Friday afternoon I ran into a woman and her little boy, 4 1/2 years old, just like my little Henry, 4 1/2.  Her son was excited to see Henry because he saw Henry’s two bright blue hearing aids. This little boy, we’ll call him John, wears one.  He has normal hearing in his right ear. 

It’s amazing how much you can learn about a stranger in a five minute conversation.  This woman and I have vastly different views on a number of things, from cochlear implants and hearing aids, to the school systems, to the way we view our boys.  Because her boy has normal hearing in one ear, our situations are different, but it is always good to meet a mother who know a little about hearing loss and the struggles associated with it. 

We got on the subject of FM systems (which are basically microphones that a teacher or other adult will wear to pipe sound directly into the hearing aid), an accomodation which is commonly used for hard of hearing children in our county schools.  I told her that the school provides them for the children to use, and that she could have it written into John’s IEP when he enters school. 

Because John didn’t qualify for services, she didn’t think he would have an IEP.  I told her that my Henry also had age-appropriate speech and language comprehension now, but that he qualifies for services simply due to the fact that he has a disability. 

“You see, I don’t think of John that way” she said.  And though I know she was not trying to be hurtful, for some reason it felt like an insult…that I had just used a dirty word to describe my son.  That the term ‘disabled’ meant the equivalent of damaged goods.  She approached me because we had something in common, but it seemed now like she was trying to put some space between us, because we were not the same.  Because her son does not wear the disability label that mine does.   

It reminded me of myself when Henry was first diagnosed as hard of hearing, and how I couldn’t wrap my arms around the idea that he was disabled.  We lived for two years thinking he had not a problem in the world, and then all of a sudden we find that we have a hard of hearing child.  Even still, it is hard to think of him in those terms.  Because on a day to day basis, if you’re watching from the outside, he is just like all the other boys. 

I remember thinking that my son was hard of hearing, but didn’t have a disability.  I didn’t want to admit it.  I didn’t want to accept all the ways that raising a child with a disability would change my life.  I didn’t know anyone with a child with a disability.  I didn’t know anything about this club, and I didn’t want a membership.  I wanted what everyone else had.  I wanted “normal.”  I had just been through months of struggle with my first son, and wasn’t ready for another struggle, let alone a lifelong struggle.  So I tried to deny, for a while, that I would have to deal with it.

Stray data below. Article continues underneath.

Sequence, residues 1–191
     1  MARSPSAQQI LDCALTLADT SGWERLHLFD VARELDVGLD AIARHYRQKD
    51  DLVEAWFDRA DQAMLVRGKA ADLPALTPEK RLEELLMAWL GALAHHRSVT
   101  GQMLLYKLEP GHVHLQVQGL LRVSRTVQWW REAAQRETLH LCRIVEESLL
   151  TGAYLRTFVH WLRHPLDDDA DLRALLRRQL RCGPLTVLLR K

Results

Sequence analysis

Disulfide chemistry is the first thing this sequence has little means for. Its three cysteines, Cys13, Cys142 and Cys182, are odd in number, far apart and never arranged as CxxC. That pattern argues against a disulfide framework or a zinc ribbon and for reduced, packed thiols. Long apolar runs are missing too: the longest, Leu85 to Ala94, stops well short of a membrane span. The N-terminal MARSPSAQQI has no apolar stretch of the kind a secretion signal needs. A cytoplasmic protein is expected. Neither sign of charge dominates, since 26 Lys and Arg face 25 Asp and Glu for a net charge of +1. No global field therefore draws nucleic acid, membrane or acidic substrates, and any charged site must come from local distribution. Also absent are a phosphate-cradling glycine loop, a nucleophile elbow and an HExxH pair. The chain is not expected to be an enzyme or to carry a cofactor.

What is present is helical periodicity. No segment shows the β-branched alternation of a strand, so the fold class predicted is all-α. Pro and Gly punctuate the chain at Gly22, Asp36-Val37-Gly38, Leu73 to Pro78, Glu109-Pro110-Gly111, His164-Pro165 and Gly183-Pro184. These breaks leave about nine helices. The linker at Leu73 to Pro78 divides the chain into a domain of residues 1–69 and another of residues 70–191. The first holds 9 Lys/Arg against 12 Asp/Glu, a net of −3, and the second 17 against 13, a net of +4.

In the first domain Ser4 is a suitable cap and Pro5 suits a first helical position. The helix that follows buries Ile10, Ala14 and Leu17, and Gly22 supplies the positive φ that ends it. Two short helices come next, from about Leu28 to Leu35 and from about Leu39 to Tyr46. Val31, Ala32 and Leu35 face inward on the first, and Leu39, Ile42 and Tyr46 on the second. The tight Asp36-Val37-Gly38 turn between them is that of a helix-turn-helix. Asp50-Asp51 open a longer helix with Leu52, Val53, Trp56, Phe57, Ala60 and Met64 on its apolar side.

I remember listening to his speech grow, his comprehension increase, and thinking he’ll be just fine, you wait and see.  And yes, he is just fine.  But he still needs help, accomodations, repetition, focus. 

I remember that every time he mastered a task, another larger, more complicated task lay ahead.

And I slowly began to realize that this hard of hearing business was more than something that we could just work hard on and conquer.  It was something that we would live with, that he would live with, forever. 

And as he gets older, I continue to grow in understanding the disadvantage he is at when compared to other children. 

I understand that he doesn’t pick up the incidental language near as much as my other children did…he needs to be deliberatly taught.  And he needs repetition.   

I understand that the complexities of the English language will trip him up as he gets older. 

But I also understand that he is smart, and that he will make it. 

He will be just fine. 

But he’s going to have to work.  

Because he does have a disability. 

I can say that now, and believe it, and love that about my Henry.  And I embrace this club I’m in.  And how dearly I love it’s members.